Photos courtesy of the PDSA
As we celebrated the 75th anniversary of VE Day last Thursday, it’s good to remember the many animal heroes also on the front line. Ann Evans reports.
To mark the 75th anniversary of VE Day, leading vet charity PDSA is paying tribute to the brave hero animals ‘who also served’ and helped save countless lives during World War II.
The charity is commemorating the milestone by sharing exclusive e-books which tell the remarkable stories of animal heroes honoured with the PDSA Dickin Medal.
The prestigious Dickin Medal – known as the animals’ Victoria Cross – recognises outstanding acts of gallantry and devotion to duty displayed by animals serving with the Armed Forces or Civil Defence units in theatres of war.
The Medal was instituted by the charity’s Founder, Maria Dickin, with the approval of the War Office and Imperial War Museum, to raise the status of animals and acknowledge the remarkable roles they play in society. It was first awarded to a messenger pigeon named Winkie on 3 December 1943. Altogether the Dickin Medal has been awarded 71 times. The recipients being 34 dogs, 32 pigeons, 4 horses and 1 cat.
The PDSA runs the world’s most distinguished and respected Animal Awards Programme, awarding three medals for extraordinary animal bravery and a commendation for devotion.
The PDSA Gold Medal is the civilian equivalent of the PDSA Dicken Medal and is often known as the Animals’ George Cross. This was instituted in 2002 and recognises remarkable bravery and dedication to duty.
The PDSA Order of Merit was added to the charity’s award programme in 2014. This recognises animals that have shown outstanding acts of devotion and that symbolise the special relationship between animals and humans.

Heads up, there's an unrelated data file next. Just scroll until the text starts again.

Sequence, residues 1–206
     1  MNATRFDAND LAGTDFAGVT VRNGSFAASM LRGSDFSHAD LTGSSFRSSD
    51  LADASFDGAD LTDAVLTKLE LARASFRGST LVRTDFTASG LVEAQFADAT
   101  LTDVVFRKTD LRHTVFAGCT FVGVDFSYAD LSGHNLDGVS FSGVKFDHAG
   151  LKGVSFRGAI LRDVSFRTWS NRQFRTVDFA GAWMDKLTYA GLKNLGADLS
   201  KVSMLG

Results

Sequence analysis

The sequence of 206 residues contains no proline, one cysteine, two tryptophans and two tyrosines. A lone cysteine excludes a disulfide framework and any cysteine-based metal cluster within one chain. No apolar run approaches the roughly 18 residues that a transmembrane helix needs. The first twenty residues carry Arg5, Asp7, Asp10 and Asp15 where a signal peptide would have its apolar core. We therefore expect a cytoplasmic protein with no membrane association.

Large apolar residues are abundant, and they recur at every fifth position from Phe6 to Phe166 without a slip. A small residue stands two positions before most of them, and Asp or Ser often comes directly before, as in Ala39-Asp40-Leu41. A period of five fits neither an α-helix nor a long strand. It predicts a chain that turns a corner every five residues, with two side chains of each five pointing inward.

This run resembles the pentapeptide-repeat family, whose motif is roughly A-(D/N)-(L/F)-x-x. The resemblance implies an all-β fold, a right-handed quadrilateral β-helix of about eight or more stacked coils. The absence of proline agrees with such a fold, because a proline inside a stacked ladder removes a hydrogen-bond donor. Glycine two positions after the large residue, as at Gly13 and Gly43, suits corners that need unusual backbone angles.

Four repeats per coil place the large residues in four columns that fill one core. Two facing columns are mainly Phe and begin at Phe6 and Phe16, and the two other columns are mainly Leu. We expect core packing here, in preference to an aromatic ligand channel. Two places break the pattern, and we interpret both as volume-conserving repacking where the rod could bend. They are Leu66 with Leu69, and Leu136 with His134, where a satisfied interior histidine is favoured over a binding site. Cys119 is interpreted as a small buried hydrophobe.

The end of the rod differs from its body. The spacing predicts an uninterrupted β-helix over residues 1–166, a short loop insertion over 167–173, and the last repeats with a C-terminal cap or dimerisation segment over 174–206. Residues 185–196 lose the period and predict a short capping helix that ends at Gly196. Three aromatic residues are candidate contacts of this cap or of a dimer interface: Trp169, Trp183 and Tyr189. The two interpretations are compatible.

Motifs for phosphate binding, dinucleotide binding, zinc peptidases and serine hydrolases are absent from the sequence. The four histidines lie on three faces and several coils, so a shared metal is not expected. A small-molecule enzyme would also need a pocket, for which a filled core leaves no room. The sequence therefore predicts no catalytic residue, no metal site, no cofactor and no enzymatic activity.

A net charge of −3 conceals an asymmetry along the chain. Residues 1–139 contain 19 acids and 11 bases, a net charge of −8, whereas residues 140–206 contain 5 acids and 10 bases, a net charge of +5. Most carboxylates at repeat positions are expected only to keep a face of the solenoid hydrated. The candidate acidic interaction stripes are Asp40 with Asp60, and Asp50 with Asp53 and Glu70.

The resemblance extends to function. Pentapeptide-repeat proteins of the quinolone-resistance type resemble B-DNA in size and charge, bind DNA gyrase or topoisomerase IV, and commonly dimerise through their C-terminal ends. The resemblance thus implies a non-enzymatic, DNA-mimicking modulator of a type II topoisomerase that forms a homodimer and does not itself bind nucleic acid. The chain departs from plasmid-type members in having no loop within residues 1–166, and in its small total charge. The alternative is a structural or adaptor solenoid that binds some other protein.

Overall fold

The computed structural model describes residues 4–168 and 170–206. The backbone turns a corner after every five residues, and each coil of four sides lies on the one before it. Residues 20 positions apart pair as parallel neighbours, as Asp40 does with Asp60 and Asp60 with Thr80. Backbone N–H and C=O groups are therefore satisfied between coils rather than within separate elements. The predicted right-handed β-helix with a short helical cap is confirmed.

The fourth award is the PDSA Commendation which was instituted in 2001 to recognise acts of animal devotion or bravery. Recipients have included pets that have provided great help and companionship, supported their owners through difficult periods, raised the alarm in times of need, or simply made life better through their love and loyalty.
Mary Bawn, Head of Press, Voice and Brand at PDSA, said: “Throughout history, animals serving in the Armed Forces have made an extraordinary difference to the lives of so many, not only the men and women who serve, but also civilians who our military are protecting. Sharing some of these stories on VE day is a great way to celebrate the incredible, life-saving role animals have played throughout history, and continue to play today.”
Read the stories
Rip, a crossbreed terrier, was discovered alone and hungry amidst the chaos following a heavy air raid on Poplar, London by a local Air Raid Warden in 1940. The Warden, Mr. E. King, took pity on him, fed him some scraps, and the pair became inseparable.
Adopted as a mascot by Mr. King’s Civil Defence Squad colleagues, Rip showed a talent for sniffing out survivors trapped in bombed buildings and soon became an unofficial Search and Rescue dog. Throughout the London Blitz, Rip and his ARP colleagues worked tirelessly to locate and rescue people and animals trapped in the wreckage of bombed out buildings. In just twelve months, Rip is believed to have helped save the lives of more than 100 people.
Another canine hero was Rob the Collie crossbreed who served with the 2nd Special Air Service Regiment. During World War II who became known as the ‘Para dog’, after completing over 20 parachute drops – many of which landed in enemy territory
A pigeon named Duke of Normandy battled through bullets and bombs on his 27-hour journey to deliver critical intelligence to the Allied Command. Around seven million pounds of high explosives were used that day. Added to that, driving rain and a northerly gale blew as the pigeon made his way back across the channel. His heroics delivered critical intelligence to the Allied Command – and saved many lives.
The Dickin Medal is named after Maria Dickin CBE, who founded the PDSA in 1917. As a social reformer, whilst visiting the poor areas of London she became more and more aware of the plight of the sick and injured animals that she saw – pets and working animals. She decided to do something about it. With one volunteer vet she started her dispensary in a cellar in Whitechapel, telling people to bring their sick and injured animals, and not let them suffer – and that all treatment was free. The charity grew into what is now the UK’s leading veterinary charity with a UK-wide network of 48 Pet Hospitals, providing low cost and free veterinary care to the sick and injured pets of people in need, as well as promoting responsible pet ownership.
Discover more about the PDSA and download the ebooks: www. https://www.pdsa.org.uk/